Whilst not a huge fan of survey research, it’s interesting to see the continuing rise of the new C word in digital – Convenience. People go online to buy time and save effort.  Sure they might consume your content – but only if the mode of consumption helps them buy time and save effort.  Interestingly in the world of traditional retail, the C word is disrupting retail models – Goldman Sachs yesterday came out with a damning report on traditional retail saying that 1 in 5 big supermarkets need to close (in the UK), as consumers switch to more convenient shopping – convenience stores and online stores.

This trend to convenience all makes sense if you see the ultimate value of digital as a force for market rationalisation. Time and effort are two of the three costs associated with any transaction – they other being money, and convenience tech – whether it’s to research, shop, use, enjoy or service – reduces time and effort costs.  And it does so without squeezing margin – indeed people will pay more for convenience.  Whether it’s Uber, Nest or ApplePay, the new black in digital in convenience.

Content is so 2014, and convenience is shaping up to be king in 2015. How are you going to help your audience buy time and save effort?



Psych Eye for the Sponsorship Guy [Download]

3D Lace Lock Adidas

Here’s a short downloadable primer on how sponsorship works from a psychological perspective, using examples from Adidas, Nike, P&G, The North Face, Intel and Coca-Cola – with four strategic implications for effective digital activation.

The central idea is that the path to sponsorship success lies in achieving ‘associative coherence’ between the sponsor and the sponsored property – and that the future of digital activation in sponsorship lies in ‘conspicuous compassion’ – visible displays of benevolence that signal sponsor fitness and quality.

Enjoy! And let me know what you think.




The Psychology of Sponsorship – 7 Content Marketing Opportunities

Blake Kia Jump

Sponsorship, the acquisition of rights to affiliate or directly associate with a product, person, organisation, venue, cause, team, league or event, is a rising star in the marketing mix, worth $51BN+ globally and growing at 4%+ annually. But despite exciting new digital opportunities for activating (bringing to life) sponsorship deals – live, on-screen and in situ – little attention from digital marketers has been given over to sponsorship. The upshot is sponsorship remains a silo seperated from digital marketing, despite opportunities to fuse the two.  What then are the top digital activation opportunities in sponsorship?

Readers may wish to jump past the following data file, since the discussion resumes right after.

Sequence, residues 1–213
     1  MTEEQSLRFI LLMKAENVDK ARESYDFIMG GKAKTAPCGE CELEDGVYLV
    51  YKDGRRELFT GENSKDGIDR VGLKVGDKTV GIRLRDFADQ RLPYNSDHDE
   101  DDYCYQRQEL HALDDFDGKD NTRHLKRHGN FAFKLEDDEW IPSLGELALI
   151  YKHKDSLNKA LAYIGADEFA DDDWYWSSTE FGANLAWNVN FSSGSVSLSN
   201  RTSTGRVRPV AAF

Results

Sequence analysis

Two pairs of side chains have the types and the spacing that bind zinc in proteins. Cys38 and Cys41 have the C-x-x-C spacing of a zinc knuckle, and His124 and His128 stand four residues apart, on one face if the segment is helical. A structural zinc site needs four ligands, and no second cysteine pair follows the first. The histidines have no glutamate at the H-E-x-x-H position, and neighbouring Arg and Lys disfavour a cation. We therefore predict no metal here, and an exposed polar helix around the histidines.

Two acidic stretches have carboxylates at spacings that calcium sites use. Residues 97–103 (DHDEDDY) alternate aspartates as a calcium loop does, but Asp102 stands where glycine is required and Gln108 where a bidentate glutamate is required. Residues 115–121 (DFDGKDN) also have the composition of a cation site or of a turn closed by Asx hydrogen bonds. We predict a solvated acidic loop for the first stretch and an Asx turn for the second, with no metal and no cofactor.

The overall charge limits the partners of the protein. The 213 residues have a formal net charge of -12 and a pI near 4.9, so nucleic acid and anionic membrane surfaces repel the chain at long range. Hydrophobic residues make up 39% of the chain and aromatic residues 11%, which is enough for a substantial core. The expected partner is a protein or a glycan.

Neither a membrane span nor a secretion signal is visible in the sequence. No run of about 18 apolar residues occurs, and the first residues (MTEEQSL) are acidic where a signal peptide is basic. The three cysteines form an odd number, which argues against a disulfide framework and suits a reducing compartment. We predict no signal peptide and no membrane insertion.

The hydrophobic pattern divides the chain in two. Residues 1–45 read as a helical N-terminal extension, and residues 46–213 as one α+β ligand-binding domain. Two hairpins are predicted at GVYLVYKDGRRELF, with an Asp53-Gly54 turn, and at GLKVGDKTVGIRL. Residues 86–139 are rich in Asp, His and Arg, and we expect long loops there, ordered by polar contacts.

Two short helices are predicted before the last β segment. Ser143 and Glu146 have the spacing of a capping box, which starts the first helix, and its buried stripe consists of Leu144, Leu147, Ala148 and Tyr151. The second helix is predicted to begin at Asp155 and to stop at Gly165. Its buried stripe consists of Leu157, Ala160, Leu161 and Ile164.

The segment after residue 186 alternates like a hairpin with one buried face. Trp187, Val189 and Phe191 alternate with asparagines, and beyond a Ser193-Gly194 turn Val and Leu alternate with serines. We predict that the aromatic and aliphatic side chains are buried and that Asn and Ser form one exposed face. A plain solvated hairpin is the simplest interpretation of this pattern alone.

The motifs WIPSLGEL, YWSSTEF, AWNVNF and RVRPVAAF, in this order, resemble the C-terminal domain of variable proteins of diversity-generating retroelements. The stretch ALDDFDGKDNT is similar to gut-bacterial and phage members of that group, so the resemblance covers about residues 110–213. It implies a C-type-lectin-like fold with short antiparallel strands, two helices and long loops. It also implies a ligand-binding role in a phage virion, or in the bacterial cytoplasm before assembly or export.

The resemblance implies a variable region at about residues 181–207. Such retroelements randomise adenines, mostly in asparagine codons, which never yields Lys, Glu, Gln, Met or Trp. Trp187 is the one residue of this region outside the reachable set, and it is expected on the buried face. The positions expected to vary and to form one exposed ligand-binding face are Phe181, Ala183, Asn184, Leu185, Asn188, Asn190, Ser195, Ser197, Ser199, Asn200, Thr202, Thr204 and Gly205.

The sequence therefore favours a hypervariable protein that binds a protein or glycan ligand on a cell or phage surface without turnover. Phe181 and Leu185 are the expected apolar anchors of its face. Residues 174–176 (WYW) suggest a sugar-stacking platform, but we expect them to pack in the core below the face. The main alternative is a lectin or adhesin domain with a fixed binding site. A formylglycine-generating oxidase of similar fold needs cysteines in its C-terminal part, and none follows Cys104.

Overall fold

To digitally optimise sponsorship, it helps to understand the basics of how sponsorship can work as an effective marketing tool, so here’s a quick primer on the psychology of sponsorship that outlines 7 digital opportunities in sponsorship using a behaviourist take on Kahneman’s ‘Thinking, Fast (System 1) and Slow (System 2)’ model (that I’ve been putting together for an upcoming conference paper on the Digital Future of Sponsorship). If you want to skip the psychobabble, and jump the end for a summary of the 7 opportunities, feel free!

  • The first, and perhaps most important thing to note is that sponsorship works by association rather than persuasion.  The general idea is that a sponsored property (product, person, organisation, venue, cause, team, league or event) eliciting a strong positive emotional response will have a ‘halo effect’ that rubs off on the associated sponsor, just a single good trait in a person can have a halo effect on how we see all other traits.  So the positive responses associated with the sponsored property (e.g. NBA’s Miami Heat) ‘spillover’ and become associated with the sponsor (e.g. Kia cars).  This has nothing to do with logical persuasion and everything to do with emotional association.
    • In simple behaviourist terms, this emotional association may occur through conditioned learning.  Sponsorship pairs two stimuli (Miami Heat and Kia), where an existing positive response (said here to be ‘unconditioned’ (UR)) to Miami Heat (here the ‘unconditioned’ stimulus (US)) conditions the response to a second stimulus (Kia) by association.  By associating and seeing Kia paired with Miami Heat, our response to Kia becomes  conditioned (CR) so it resembles our response to the Heat, with Kia therefore becoming a conditioned stimulus (CS). The practical upshot is when we see Kia, we think Heat thoughts.